The three ‘acts’ that occupy the real-time action of Boyle’s film see Jobs as he successfully launches Macintosh, then outside of Apple with the disastrous NeXTCube and as the prodigal son returning with 1998’s iMac. To see the launches go off without a hitch is Jobs’s goal but through Boyle and Sorkin’s film, Steve’s launch is like a juggling act where more balls keep getting thrown into play. The major crisis with the first Macintosh is that Andy Hertzfeld (Stuhlbarg) can’t get the demo computer to say ‘hello.’ And Steve is much scarier than Yoda in the “there is no try” department. Hovering on the sidelines of the epic hello struggle is Joanna Hoffman (Winslet), Apple marketing guru and the only person able to wrangle Steve’s attention for any quantifiable amount of time. She doesn’t see why the computer must say hello, oh and also Steve should do something about his daughter and her mother waiting for Steve in the wings. The daughter he’s so publicly denied fathering, and half blames for his losing Time Magazine’s Man of the Year title. Priorities. Meanwhile Steve Wozniak (a deeply touching Rogen) just wants Steve Jobs to say thank you to the Apple 2 guys, an earlier model that the company thrived on. And for good measure, a stoic Jeff Daniels as exec John Scully steps in to remind Steve of his own parental issues (he was adopted) at exactly the wrong times.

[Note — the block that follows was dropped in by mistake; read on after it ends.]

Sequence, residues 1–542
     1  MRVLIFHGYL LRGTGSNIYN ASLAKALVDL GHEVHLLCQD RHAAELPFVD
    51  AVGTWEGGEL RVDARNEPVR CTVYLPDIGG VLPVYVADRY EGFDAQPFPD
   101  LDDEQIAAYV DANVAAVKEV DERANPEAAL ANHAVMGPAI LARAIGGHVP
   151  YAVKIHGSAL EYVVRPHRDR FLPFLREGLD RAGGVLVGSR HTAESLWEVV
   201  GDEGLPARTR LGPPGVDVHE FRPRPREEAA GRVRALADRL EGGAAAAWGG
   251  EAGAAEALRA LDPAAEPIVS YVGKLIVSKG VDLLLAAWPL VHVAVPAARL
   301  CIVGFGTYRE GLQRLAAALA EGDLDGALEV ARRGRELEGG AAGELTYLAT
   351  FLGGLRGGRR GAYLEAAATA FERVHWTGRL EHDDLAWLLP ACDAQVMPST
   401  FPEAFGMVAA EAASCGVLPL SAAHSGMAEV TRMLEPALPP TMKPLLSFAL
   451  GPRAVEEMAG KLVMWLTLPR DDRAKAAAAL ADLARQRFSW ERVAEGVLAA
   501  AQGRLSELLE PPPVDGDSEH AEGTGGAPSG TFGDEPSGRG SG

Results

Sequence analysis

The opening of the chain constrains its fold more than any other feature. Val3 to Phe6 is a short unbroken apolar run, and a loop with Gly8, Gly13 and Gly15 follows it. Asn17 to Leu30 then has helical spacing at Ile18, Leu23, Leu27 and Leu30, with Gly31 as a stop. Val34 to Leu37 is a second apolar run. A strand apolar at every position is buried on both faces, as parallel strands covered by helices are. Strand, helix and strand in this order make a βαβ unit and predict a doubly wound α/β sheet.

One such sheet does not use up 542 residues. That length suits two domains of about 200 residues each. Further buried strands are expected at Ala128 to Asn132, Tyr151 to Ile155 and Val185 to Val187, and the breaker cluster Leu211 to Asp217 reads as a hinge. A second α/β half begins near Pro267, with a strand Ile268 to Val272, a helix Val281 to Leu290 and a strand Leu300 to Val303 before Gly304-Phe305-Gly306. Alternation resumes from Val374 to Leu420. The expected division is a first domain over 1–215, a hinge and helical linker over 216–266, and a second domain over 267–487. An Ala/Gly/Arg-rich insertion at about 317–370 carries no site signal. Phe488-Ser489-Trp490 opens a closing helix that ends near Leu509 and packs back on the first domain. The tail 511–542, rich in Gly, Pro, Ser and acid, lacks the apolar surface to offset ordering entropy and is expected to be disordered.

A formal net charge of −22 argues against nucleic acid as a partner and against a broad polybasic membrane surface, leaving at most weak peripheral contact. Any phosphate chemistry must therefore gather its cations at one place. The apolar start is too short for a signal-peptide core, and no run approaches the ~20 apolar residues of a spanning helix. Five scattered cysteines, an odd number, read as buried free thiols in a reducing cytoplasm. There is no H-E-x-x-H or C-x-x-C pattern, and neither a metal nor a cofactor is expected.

These basic components are tossed in and out of focus over the course of the launches, with Boyle slyly throwing in the occasional additional flashbacks in time to further flesh out Steve’s relationships–especially with Wozniak and Scully. As a fiery Fassbender plays young Jobs, it’s easy to see how he sold his team of people on going on these technological ventures under his leadership. Important for us to see considering present-Jobs can so often be despicable. Jobs’s chief struggle in most of his interactions, whether he admits it or not, is with common human decency. Long-suffering Wozniak seeks only acknowledgment while Joanna is frequently going to bat on behalf of Jobs’s daughter Lisa since her mother (Katherine Waterston in a small but effective part) is drifting further away. In this core struggle, Winslet emerges as the film’s heart when its protagonist doesn’t have time for his. In Joanna, Winslet is both fearless and vulnerable. She knows Steve the best, she’s knows she’s too valuable to his enterprise to be cast off and she uses this to stand her ground. If audiences find it hard to root for Steve as he is ruthlessly scripted by Sorkin, they will definitely side with Joanna who only wants Steve to be a better person. It’s clever and Winslet is no doubt as awards-worthy as Fassbender is in this film.

Boyle and Sorkin shy away from actually showing their version of one of Jobs’s epic announcements–we have youtube for that–but at every juncture the Mac masses are omnipresent. We see stamping feet and full theater lobbies of faceless groupies which only serve to amplify Steve’s power in these spaces. While other realms of Jobs’s life were out of his control, at least at these launches every minute detail could be dictated by him. To situate the whole story around these launches is to show Jobs at his most intense. The resulting film is a vibrant, unsympathetic portrait of a man whose work continues to evolve how humans connect with each other whether or not he ever mastered that skill in his own life.

I saw Steve Jobs at this year’s New York Film Fest, the film receives its nationwide release on October 23rd.